Some of the United States’ most beautiful and geographically diverse locations are also marked by extreme weather occurrences, which can create disturbances on the electric grids that supply them with power. Borrego Springs, California, is one of those places.
Borrego Springs is northeast of San Diego—and to help address the high-risk environment, San Diego Gas & Electric Co. (SDG&E) operates a microgrid there. In collaboration with the U.S. Department of Energy’s National Renewable Energy Laboratory (NREL), SDG&E is able to remain on the forefront of advanced microgrid technology.
Microgrids are self-powered electric grids that can operate independently or connect to the larger grid. They play an important role in resiliency, in part, because they are able to disconnect from the main grid during outages and continue to operate independently. Energy resiliency in places such as Borrego Springs is especially important.
“Borrego Springs is on the eastern edge of our service territory,” said Tom Bialek, SDG&E chief engineer. “You get these monsoonal rains that occur and cause flash floods, and there’s a lot of talk in our region on energy resilience because we’re in an area that faces significant wildfire threats. Due to our complex topography and strong Santa Ana winds, San Diego and Southern California are the most conducive to rapidly expanding wildfires anywhere in the United States and perhaps the world. These winds get to be hurricane force. That’s what people don’t appreciate. We’re looking at Category 1 to Category 2 winds down over the mountaintops coupled with low humidity and dry, dead fuel. In this environment, all it takes is a single spark and fires will spread very, very quickly. From a resiliency perspective, that’s why this is really important.”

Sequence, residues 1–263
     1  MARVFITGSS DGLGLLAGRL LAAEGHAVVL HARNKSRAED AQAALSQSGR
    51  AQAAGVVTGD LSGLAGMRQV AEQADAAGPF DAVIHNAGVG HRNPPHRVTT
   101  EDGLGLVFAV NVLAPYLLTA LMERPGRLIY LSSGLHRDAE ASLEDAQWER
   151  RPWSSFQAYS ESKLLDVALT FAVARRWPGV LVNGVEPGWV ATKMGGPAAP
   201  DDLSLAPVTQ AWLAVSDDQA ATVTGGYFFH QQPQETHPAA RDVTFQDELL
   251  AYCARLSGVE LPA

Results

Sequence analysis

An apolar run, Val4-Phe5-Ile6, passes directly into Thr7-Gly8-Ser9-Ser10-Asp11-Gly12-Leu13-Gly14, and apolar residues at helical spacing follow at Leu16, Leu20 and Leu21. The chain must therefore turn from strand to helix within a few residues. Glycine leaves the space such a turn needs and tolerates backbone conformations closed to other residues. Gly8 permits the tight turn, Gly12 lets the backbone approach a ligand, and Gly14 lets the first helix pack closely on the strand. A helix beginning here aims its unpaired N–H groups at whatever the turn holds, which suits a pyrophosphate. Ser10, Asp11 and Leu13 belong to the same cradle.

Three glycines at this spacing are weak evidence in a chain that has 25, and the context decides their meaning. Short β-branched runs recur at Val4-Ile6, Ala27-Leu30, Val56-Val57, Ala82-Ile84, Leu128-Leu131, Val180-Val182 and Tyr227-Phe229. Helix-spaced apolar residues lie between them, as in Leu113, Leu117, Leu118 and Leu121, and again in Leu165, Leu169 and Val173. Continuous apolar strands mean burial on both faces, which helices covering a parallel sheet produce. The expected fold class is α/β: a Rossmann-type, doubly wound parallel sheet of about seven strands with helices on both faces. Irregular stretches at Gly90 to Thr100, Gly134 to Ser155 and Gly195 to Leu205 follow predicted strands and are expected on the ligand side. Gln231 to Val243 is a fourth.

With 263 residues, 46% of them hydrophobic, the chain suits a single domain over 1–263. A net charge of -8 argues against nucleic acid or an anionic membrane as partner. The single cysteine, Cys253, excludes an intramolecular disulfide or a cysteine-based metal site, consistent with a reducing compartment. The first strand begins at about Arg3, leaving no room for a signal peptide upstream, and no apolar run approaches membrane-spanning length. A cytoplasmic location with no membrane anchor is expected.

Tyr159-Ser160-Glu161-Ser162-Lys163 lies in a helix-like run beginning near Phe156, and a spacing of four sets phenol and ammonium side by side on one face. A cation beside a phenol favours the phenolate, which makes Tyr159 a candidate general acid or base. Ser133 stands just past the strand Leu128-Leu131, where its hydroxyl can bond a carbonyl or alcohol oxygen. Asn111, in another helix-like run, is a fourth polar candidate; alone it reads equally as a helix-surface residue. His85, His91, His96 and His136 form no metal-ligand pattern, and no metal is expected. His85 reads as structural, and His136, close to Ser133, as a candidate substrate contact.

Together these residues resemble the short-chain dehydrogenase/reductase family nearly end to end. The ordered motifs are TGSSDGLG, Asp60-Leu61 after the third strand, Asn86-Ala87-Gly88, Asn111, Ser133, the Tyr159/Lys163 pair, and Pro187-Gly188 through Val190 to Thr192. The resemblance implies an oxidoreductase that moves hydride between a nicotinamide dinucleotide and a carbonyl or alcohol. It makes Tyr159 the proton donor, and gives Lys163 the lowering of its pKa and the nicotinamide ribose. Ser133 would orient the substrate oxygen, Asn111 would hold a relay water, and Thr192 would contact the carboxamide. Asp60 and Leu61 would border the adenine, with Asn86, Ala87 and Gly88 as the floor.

What NREL is working with SDG&E to better understand is how a microgrid controller with advanced technology would perform, specifically with the Borrego Springs microgrid. NREL is able to explore this safely at its Energy Systems Integration Facility (ESIF), which is home to an important and unique capability. The ESIF houses NREL’s megawatt-scale microgrid test platform, which allows utilities such as SDG&E to connect their microgrids and run a variety of simulations.
“We have an amazing modeling and simulation capability to bring in feeder data from SDG&E and be able to answer “Ëœwhat if’ questions with multiple devices, not just with a single component, utilizing our power hardware-in-the-loop capability,” said Martha Symko-Davies, Energy Systems Integration laboratory program manager. “That’s the key of what ESIF can do: de-risk and implement the technology in Borrego Springs.”
Annabelle Pratt, NREL principal investigator on the project from the Power Systems Engineering Center, said collaboration was key to this project. NREL had to obtain the modeling data from SDG&E to set up the simulation. NREL also needed the controller. For this project, Pratt, Kumaraguru Prabakar, and the rest of the team had controller hardware and two megawatt-scale inverters in the loop.